Bert Wheeler and Robert Woolsey came west to RKO Pictures to appear in the film version of "Rio Rita," in which they had appeared on Broadway. They stayed in Hollywood and made movies, mostly for RKO, until Woolsey died in 1938.
By the time they appeared in the 1931 film "Peach-O-Reno," the boys had appeared in nine films together with mostly the same formula -- they were usually comical con men trying to outwit the law or other authorities while making time with the frails (Dorothy Lee often played Wheeler's romantic interest). Woolsey wore goggly-looking eyeglasses and smoked a stogie; Wheeler did more athletic comedy and was a better singer-dancer. If the team suffered in comparison to the Marx Brothers (And who wouldn't?), they were still popular at the box office.
In "Peach-O-Reno," Wheeler and Woolsey play divorce attorneys Wattles and Swift, the sharpest shysters in the biggest little city in the world.
Woolsey (to clerk): File these letters in alphabetical order, and then burn them.
They have a bus that meets prospective divorcees at the train station and brings them to the office, where young women dressed in bellhop costumes escort clients from one attorney to the other. Then, at night, a change comes over the office, and the young women:
The lawyers take on the divorce case of Joe and Aggie Bruno (Joseph Cawthorn and Cora Witherspoon), with Wheeler representing one and Woolsey representing the other. Then their grown daughters arrive -- Pansy (Zelma O'Neal) and Prudence (Lee). They hope to reconcile their parents, and they catch the boys' eye:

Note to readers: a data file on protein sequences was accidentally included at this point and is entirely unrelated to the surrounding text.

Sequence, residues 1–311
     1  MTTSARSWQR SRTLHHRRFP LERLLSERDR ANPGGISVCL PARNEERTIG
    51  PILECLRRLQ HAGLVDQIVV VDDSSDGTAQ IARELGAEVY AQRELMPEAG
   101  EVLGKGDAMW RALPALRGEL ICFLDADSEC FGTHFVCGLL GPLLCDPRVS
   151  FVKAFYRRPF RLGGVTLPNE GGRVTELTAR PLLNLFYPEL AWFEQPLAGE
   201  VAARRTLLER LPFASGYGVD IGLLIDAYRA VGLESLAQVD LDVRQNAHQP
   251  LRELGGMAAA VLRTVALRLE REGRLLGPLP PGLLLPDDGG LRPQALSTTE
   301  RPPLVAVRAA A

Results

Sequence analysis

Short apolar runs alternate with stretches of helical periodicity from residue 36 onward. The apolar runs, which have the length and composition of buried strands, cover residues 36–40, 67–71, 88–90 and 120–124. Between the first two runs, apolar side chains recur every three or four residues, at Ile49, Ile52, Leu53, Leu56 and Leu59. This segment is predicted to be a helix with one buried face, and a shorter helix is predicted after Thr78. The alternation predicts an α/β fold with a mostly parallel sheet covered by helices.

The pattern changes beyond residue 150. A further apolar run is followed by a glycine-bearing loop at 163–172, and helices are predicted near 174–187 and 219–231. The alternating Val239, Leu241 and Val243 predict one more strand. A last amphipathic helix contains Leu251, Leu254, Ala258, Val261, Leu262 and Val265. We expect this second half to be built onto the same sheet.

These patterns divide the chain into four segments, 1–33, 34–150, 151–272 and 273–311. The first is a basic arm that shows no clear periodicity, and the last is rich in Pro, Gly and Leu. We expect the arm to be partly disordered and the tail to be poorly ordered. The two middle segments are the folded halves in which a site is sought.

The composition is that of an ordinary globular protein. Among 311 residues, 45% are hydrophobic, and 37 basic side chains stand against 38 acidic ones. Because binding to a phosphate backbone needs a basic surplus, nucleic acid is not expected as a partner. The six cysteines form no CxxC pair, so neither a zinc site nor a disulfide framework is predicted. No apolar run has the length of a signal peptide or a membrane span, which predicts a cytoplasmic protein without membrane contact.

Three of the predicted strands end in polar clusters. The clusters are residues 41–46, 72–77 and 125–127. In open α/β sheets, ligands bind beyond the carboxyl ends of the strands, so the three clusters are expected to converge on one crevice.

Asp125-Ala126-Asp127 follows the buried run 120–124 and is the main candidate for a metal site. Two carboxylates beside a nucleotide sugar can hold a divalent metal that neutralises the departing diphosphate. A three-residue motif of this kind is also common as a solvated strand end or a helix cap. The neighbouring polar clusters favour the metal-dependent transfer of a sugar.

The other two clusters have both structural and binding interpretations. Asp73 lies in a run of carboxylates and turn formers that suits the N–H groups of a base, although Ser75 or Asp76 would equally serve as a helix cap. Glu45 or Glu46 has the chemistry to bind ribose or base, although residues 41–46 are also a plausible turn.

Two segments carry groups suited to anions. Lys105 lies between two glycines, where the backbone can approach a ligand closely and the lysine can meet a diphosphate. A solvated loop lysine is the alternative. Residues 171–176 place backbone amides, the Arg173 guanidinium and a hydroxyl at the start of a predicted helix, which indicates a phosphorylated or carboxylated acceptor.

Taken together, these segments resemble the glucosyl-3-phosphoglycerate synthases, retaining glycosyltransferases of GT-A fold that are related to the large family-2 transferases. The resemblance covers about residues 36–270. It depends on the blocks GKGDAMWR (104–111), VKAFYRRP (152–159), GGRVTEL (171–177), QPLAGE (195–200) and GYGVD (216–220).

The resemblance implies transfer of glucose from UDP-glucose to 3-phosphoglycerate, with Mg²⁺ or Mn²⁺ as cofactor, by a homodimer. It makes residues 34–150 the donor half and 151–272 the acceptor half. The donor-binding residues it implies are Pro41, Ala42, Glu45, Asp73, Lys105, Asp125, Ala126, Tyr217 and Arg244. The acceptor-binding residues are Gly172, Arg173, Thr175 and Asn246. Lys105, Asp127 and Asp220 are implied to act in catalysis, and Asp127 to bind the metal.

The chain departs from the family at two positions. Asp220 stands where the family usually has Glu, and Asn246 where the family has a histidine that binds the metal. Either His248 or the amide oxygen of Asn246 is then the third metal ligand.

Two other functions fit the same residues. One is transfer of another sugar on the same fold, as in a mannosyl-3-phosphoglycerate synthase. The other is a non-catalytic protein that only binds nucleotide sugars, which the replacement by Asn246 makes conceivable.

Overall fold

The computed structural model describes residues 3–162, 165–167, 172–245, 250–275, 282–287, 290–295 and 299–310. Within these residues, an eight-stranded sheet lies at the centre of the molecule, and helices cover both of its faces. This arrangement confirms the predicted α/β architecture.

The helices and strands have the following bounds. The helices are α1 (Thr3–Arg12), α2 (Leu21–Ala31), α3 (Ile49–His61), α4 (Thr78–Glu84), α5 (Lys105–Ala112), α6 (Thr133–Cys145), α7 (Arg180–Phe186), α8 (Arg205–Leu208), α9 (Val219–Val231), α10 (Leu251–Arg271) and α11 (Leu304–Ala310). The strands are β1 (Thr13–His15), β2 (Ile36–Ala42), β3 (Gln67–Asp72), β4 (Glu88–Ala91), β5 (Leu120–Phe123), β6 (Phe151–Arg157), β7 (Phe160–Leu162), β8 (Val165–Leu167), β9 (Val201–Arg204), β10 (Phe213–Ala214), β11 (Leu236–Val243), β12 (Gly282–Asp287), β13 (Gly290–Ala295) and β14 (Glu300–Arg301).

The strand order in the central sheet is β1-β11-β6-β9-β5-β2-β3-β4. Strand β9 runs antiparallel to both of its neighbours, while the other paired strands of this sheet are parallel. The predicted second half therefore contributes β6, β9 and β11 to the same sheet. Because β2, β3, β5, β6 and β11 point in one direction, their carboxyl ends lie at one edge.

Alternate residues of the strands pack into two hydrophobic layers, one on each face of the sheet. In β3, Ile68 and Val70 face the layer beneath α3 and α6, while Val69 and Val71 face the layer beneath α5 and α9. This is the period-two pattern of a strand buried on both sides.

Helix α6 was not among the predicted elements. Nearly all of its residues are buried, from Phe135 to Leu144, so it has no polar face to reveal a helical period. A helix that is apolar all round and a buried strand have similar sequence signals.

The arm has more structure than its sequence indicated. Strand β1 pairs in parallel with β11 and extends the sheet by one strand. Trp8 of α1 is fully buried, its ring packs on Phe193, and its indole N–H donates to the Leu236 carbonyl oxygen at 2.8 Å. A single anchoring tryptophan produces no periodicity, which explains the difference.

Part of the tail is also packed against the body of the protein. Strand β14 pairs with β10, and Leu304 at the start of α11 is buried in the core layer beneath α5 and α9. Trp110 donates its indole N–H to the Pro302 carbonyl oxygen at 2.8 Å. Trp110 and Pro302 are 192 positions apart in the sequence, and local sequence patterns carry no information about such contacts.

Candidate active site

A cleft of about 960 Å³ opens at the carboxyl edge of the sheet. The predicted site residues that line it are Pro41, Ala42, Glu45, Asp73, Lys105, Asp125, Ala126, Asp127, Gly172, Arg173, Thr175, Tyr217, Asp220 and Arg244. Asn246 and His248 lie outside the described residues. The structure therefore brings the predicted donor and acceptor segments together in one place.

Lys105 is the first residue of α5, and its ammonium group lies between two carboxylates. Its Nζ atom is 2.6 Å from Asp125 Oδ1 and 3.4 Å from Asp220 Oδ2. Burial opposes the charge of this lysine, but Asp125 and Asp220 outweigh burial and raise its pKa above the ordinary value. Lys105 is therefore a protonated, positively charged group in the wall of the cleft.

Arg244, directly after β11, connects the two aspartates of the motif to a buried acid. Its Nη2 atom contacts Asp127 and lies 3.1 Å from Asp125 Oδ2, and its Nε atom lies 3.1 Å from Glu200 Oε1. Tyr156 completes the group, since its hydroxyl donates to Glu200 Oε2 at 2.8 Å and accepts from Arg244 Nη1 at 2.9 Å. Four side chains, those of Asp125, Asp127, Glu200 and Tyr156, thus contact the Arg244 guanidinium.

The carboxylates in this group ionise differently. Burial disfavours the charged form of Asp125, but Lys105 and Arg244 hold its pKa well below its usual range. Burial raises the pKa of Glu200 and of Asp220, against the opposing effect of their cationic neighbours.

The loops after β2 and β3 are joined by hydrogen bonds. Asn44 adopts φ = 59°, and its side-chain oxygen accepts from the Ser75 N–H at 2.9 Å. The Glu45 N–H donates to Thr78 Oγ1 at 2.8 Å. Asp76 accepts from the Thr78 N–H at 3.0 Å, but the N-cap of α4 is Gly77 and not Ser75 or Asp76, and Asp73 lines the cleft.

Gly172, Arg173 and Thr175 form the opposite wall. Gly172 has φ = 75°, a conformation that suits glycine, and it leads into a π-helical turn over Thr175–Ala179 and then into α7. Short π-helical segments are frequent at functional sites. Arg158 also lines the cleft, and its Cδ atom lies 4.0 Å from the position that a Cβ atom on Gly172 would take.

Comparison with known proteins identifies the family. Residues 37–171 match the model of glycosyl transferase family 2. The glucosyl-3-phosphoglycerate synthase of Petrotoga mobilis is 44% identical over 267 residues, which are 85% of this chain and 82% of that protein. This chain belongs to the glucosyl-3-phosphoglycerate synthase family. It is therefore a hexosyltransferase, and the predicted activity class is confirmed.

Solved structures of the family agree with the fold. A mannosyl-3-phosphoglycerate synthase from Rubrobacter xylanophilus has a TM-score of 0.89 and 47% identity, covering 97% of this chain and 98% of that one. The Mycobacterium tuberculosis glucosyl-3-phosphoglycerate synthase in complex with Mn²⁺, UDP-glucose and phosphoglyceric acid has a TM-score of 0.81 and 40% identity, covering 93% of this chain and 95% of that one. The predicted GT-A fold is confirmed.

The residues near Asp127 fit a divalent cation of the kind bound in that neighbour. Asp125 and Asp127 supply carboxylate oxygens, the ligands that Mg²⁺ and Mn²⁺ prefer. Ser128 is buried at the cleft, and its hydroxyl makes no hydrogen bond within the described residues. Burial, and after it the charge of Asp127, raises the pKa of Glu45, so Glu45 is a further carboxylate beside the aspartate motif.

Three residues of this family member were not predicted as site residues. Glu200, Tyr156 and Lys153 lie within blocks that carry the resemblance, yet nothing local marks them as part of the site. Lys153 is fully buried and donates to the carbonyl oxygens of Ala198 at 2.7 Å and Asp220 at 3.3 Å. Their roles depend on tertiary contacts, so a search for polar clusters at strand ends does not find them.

Woolsey: Are you married?
Pansy: No, we just look worn out on account of the trip.
Woolsey: I promised the folks we would render them a number.
Wheeler: Render? We'll tear it apart!
When Mrs. Bruno finds out the boys are handling both sides of the case, she gets angry:
Mrs. Bruno (to Woolsey): There you are! How can you look me in the face?
Woolsey: I'm just getting used to it, I suppose.
The Bruno divorce goes to trial:
Woolsey (to Bruno): How long have you been married?
Bruno: I just celebrated my 25th university.
Woolsey: Then you weren't always round-shouldered.
Then the Brunos reunite, and love fills the courtroom:
After Woolsey's death, Wheeler made a few B-movies and did a vaudeville tour in the 1940s with Dorothy Lee. Then in 1955, he played Smokey Joe on the CBS western series "Brave Eagle." He died in 1968.
Here is a full cast and credits listing for "Peach-O-Reno."